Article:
If we reorganized the above list into the five categories of risk, we could more readily address them. Themes would emerge and we could build a plan. Generally speaking, it is advisable to take steps to protect yourself against the risks that may be less probable but that would be the most devastating if they were to occur.
As we apply the life planning process, risk management is central to the discussion. Many simply think about the risk of the financial markets, especially after the previous decade during which we experienced a disproportionately high level of volatility. The global recession, brought on by the credit crisis in the US (housing bubble and excessive mortgage debt), was traumatic.
As you review your Risk Tolerance Report (FinaMetrica), please think in terms of life as an adventure and the challenge you have in designing your adventure. Understanding your risk tolerance helps you to clarify what really matters most to you. Every day is immeasurably more enjoyable when you know that you’re prepared for the uncertainty that is life!
Lately I’ve had a number of comments along these lines “How are my investments doing? I’m afraid to look with all the things going on in the US (debt ceiling debate, a very vocal Tea Party and other political shenanigans). If you are investing through F&P, you likely are invested in investment funds whose portfolio managers are active – those who outperform over the long haul because they do the research to find businesses that are different from those included in the index. “Active share”, the percentage of portfolio holdings that are different from the index, correlates with outperformance over the long-term. That’s a topic for another day!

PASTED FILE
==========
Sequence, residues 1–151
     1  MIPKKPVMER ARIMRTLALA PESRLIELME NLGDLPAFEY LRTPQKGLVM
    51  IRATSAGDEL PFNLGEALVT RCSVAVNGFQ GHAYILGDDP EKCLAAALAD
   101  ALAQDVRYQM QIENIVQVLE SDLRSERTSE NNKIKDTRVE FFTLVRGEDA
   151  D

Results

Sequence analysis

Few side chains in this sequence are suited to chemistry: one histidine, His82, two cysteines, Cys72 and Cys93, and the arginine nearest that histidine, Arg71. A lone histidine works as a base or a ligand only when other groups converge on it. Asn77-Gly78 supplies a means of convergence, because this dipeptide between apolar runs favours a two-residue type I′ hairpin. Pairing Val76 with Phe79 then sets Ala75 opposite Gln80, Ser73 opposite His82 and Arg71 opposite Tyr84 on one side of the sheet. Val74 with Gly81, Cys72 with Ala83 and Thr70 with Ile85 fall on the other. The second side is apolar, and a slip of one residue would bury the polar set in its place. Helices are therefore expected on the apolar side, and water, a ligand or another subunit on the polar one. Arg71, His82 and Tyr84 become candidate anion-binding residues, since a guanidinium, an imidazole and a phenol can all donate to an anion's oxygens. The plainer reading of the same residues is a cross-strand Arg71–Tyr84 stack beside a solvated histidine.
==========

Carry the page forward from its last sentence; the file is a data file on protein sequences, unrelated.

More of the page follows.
To provide a context other than the 30-second sound bytes by the media, let’s look at the historical performance and the volatility (risk) of the key indices used to track trends in the financial markets.
You cannot control the markets. You can control how you invest your money.
As we build out the content of this website, we will provide more detailed information on portfolio design that you will be able to reference. With such an abundance of information available on the internet, it seems as if it is actually more difficult to maintain clarity in terms of your risk tolerance and your investment approach.
Below are the historical asset class returns that we are currently using when projecting returns of different portfolio mixes.
|Asset Class||Benchmark Index||Years||Historical Returns since Inception to December 31/12||Historical Volatility Risk|
|*Cash||91 Day T-Bill Index||63||3.34%||3.98%|
|*Short-Term Fixed Income||DEX CDN Short Term Bond Index||47||3.97%||4.97%|
|Fixed Income||DEX Universe Bond Index||63||5.97%||8.06%|
|Canadian Equities||S&P/TSX Composite Total Return Index||63||8.86%||17.03%|
|Canadian Small Cap Equities||S&P/TSX Small Cap Total Return Index||26||8.86%||23.84%|
|U.S. Equities||S&P 500 Composite Total Return Index CDN$||63||9.43%||15.95%|
|U.S. Small Cap Equities||Russell 2000 US Small Cap Index||34||9.61%||18.14%|
|International Equities||MSCI EAFE Total Return Index CDN$||41||8.02%||21.94%|
|Emerging Market Equities||MSCI Emerging Markets Index CDN$||25||12.00%||30.32%|
|Real Estate||S&P/TSX Capped REIT Index||63||8.93%||12.26%|
*These returns are built on an assumed forward-looking inflation rate of 3%. The asset classes for cash and short-term fixed income have been adjusted downward arbitrarily. The historical real return on cash has been reduced by 1.5% in light of historically low interest rates. Source: www.planplusplanit.com
In future blogs I’ll review the historical performance of different asset mixes or allocations relative to inflation. If you have any questions about the table above, call your advisor or make a note of the question and raise it when you have your next meeting.
The information in this commentary is for informational purposes only and not meant to be personalized investment advice. The content has been prepared by Jan Fraser, Life Aligned Investing of Aligned Capital Partners Inc. (ACPI) from sources believed to be accurate. The opinions expressed are those of the author and do not necessarily represent those of ACPI.